While Bodily Injury Liability Coverage is imperative, most of us end up overpaying for the cover we need. This type of coverage specifically covers:
– Any and all occupants of a car, whether it is yours or someone else's; – Any and all occupants of another vehicle; – And pedestrians
Your only goal with this type of coverage is to have enough protection to protect what is yours …. in other words, your assets. And to protect your assets, you need to find out what your Net Worth is – a well-known site for calculating your net worth – http://www.kiplinger.com/personalfinance/tools/networth.html?
A great way to reduce your premiums is to have no more responsibility for personal injury than your net worth. Here is a common example of coverage that most people have: if your net worth is only $ 20,000 and you have a coverage of $ 100,000, you are throwing money away.
And if you have a small or negative equity, you just need to get the mandatory state minima. You will need this information to get the lowest car insurance rates. Again, you can begin to see your state minima by searching for "car insurance state minima".
See what to look for when trying to find out how much coverage you have now. As I said earlier, most policies today have their liability coverage listed as such – 50/100/100 – The first two numbers (whatever they are) refer to liability coverage for bodily injury. In this example, there is $ 50,000 in coverage per person and $ 100,000 per accident.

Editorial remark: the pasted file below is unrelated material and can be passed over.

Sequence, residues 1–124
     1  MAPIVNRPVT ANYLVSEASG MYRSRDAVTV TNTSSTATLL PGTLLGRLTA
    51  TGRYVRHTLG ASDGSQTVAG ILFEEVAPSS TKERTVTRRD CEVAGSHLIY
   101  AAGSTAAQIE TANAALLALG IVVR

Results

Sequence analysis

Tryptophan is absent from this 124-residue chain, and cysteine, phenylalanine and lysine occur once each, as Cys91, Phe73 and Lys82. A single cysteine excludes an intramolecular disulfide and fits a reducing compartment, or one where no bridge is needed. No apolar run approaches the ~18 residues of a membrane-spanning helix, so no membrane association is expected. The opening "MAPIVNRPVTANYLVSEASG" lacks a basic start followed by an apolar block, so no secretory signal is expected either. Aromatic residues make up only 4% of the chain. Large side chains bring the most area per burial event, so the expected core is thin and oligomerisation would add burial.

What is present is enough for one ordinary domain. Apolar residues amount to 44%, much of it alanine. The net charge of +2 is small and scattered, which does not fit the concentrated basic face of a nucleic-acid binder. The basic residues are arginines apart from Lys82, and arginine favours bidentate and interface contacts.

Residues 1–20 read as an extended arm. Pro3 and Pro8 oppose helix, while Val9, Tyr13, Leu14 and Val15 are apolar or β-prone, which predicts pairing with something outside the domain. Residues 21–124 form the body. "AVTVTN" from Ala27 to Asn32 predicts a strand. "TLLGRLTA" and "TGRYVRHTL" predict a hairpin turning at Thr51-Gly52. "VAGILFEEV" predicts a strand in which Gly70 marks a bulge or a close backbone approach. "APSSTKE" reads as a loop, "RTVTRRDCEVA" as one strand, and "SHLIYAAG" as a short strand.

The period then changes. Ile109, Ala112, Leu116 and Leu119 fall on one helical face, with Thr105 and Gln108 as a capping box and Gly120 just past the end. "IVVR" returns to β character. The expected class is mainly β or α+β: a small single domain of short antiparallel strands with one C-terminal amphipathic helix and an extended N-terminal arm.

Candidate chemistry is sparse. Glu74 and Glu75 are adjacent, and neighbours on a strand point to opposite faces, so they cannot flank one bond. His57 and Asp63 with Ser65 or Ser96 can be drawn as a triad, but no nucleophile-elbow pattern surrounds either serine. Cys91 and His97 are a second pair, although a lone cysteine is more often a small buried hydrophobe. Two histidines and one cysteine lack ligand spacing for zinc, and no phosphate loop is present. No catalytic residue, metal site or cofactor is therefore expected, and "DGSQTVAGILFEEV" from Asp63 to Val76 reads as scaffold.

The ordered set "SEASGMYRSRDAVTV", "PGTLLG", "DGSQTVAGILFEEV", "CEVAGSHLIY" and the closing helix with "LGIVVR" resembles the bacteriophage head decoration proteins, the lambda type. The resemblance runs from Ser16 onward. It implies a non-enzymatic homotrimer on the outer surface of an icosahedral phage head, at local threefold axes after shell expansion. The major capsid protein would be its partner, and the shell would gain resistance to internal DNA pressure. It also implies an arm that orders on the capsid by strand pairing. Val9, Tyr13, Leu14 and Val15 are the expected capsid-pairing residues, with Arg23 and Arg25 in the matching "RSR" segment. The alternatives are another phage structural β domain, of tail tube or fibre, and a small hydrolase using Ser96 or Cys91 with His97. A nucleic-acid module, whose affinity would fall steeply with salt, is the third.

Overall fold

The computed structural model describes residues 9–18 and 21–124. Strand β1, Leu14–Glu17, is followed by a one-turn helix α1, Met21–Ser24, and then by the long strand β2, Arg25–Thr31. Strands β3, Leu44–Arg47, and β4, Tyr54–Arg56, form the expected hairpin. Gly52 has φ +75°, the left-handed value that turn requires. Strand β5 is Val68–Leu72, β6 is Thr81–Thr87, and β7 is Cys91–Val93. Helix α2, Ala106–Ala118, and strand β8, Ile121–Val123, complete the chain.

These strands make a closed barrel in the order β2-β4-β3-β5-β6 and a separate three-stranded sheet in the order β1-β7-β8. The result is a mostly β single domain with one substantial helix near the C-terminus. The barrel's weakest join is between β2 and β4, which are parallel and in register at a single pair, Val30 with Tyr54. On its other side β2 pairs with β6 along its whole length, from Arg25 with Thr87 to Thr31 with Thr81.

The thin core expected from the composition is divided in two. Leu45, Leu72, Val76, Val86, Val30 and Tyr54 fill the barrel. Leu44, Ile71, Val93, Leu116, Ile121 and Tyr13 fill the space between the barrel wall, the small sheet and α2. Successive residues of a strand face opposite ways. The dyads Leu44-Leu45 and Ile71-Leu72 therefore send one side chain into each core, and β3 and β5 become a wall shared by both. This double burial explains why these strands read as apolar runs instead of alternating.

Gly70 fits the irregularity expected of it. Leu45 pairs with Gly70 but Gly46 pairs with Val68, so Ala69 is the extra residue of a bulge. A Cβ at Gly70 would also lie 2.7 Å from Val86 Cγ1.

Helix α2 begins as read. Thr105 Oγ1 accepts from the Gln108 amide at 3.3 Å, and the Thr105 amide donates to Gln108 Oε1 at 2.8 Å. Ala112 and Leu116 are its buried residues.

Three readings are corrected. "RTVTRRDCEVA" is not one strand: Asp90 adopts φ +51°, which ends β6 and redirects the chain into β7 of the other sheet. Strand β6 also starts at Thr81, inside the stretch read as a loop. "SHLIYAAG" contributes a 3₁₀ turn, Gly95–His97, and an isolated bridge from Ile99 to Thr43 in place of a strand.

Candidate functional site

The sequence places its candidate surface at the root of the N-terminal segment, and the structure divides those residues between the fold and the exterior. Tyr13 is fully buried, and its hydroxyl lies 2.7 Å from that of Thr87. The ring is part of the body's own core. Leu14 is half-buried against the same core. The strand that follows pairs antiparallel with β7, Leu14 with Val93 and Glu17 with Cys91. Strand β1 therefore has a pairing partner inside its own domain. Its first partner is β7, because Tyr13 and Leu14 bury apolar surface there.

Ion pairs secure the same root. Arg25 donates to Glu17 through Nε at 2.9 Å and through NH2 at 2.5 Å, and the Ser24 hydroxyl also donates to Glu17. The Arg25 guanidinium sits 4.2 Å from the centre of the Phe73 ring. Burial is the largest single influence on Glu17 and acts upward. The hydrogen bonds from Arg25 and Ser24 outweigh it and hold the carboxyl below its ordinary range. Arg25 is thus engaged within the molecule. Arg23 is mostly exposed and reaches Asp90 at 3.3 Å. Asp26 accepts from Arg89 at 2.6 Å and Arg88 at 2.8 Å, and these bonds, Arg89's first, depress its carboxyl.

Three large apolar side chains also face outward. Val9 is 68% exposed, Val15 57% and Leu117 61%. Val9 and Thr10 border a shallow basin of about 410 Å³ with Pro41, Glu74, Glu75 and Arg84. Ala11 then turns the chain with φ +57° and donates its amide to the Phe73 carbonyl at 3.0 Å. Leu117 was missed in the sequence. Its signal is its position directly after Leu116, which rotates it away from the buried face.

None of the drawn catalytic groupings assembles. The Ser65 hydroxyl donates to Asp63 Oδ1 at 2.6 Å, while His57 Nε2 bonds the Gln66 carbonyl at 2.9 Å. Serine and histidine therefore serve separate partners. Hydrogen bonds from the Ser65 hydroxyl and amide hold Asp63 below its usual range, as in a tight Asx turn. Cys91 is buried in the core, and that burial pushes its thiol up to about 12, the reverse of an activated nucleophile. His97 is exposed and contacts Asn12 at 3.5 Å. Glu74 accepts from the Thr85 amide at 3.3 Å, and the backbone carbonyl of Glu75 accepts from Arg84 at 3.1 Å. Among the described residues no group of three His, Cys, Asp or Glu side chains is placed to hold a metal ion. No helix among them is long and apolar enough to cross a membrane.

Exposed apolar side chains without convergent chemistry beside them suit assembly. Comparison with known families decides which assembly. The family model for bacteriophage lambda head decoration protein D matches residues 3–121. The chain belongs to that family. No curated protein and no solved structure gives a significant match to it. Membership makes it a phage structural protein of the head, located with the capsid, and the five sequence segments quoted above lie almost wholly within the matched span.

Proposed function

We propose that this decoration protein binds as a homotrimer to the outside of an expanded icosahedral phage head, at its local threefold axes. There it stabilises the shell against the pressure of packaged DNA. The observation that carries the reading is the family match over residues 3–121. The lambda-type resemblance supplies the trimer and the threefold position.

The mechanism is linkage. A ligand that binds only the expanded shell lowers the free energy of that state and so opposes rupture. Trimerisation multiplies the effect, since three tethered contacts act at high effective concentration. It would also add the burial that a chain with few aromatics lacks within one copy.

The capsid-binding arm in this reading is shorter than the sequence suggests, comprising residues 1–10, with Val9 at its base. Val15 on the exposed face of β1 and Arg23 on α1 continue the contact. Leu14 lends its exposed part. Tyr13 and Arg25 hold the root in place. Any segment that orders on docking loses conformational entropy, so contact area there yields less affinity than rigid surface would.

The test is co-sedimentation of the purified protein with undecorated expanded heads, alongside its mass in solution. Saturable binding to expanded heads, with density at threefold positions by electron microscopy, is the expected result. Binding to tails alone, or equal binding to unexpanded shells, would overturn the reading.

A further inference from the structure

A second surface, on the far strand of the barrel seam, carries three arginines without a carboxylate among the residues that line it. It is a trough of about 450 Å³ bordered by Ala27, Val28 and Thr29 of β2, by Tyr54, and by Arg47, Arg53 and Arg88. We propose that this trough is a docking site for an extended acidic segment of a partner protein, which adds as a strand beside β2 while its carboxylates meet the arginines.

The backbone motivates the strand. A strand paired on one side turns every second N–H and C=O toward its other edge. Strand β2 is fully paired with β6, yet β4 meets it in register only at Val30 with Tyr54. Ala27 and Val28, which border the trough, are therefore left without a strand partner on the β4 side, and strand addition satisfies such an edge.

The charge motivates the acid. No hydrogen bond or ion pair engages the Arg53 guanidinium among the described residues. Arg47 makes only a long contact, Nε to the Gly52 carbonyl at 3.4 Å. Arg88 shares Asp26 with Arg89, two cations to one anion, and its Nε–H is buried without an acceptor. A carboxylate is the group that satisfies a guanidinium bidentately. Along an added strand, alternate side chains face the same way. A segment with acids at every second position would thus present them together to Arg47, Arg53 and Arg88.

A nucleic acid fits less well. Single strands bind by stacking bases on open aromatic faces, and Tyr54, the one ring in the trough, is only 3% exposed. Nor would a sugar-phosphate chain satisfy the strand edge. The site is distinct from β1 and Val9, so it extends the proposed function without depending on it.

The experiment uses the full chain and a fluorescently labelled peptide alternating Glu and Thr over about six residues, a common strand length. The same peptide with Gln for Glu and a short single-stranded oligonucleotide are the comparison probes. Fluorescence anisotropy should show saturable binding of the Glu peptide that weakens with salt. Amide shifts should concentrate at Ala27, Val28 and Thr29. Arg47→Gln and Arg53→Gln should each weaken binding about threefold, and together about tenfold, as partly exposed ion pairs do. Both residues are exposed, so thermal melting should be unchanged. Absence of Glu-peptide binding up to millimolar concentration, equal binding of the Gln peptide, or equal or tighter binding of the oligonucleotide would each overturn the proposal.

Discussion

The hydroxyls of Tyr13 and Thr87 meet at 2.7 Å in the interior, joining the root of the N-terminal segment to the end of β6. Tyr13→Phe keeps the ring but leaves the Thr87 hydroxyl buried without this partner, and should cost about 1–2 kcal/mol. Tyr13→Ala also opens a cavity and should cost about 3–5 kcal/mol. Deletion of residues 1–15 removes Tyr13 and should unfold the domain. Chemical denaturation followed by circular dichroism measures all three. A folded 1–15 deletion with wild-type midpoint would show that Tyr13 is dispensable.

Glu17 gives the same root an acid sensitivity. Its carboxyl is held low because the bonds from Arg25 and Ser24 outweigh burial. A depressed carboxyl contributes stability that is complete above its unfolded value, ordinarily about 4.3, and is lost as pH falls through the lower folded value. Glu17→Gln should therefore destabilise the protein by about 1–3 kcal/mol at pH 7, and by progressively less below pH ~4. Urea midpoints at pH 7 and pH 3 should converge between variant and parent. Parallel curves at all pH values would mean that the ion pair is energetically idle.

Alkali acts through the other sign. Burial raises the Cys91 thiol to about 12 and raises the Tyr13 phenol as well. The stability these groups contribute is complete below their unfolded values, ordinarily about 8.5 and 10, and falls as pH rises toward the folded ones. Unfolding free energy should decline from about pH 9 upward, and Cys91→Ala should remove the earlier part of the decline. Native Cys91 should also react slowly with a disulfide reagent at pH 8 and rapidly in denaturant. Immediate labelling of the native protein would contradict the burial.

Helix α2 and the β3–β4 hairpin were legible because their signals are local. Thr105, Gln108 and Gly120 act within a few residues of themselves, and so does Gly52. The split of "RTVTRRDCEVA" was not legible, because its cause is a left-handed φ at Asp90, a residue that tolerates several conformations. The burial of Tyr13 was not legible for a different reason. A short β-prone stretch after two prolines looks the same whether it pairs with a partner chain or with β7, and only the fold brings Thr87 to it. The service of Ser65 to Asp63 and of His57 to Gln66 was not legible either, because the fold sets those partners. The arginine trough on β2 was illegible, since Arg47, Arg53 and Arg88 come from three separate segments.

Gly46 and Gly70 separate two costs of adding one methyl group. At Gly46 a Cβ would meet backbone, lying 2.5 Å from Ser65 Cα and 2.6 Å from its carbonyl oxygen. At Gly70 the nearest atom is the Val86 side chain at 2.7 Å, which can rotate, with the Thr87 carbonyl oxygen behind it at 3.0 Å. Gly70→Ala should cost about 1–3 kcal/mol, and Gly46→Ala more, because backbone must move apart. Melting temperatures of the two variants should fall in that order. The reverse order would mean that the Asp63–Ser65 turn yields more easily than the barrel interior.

What does your policy say? Are you paying more than your equity? If so, change.
STEP 5 – Review and change uninsured / underinsured motorist coverage.
Uninsured / underinsured driver coverage is a fantastic deal for auto insurance companies …. and a lousy one for you. This premium can only increase your car insurance by a few hundred dollars a year.
Most people think that uninsured / underrated coverage is there to fix your car if it is hit by someone without insurance … or someone with bad insurance.
Any damage done to your car is already covered – by the premium you are already paying for the collision.
First things first … check your policy if you are paying for uninsured / underinsured coverage now. If you are, Google "uninsured state driver's requirements" to see if your state requires this.
If not required by your state, cancel it.
If the state in which you live requires uninsured / underestimated coverage, make sure you have the absolute minimum required. These minima are not announced, they change every two years and are very difficult to find. So, here's how you handle it.
Do a Google search for your State Department of Insurance, go to the "Contact Us" page, find a phone number, call and ask about the minims.
Do not try to look for it. Finding the listed minimums is almost impossible on most state websites – they've buried you so deep that you'll never find it. Just call the Insurance Department of your state.
I know it's a bit of work to get the information on its own. However, relying on the Insurance Companies to give you the correct information is not very wise.
Next …. Part 2 of "How to cut your car insurance costs in ten easy steps."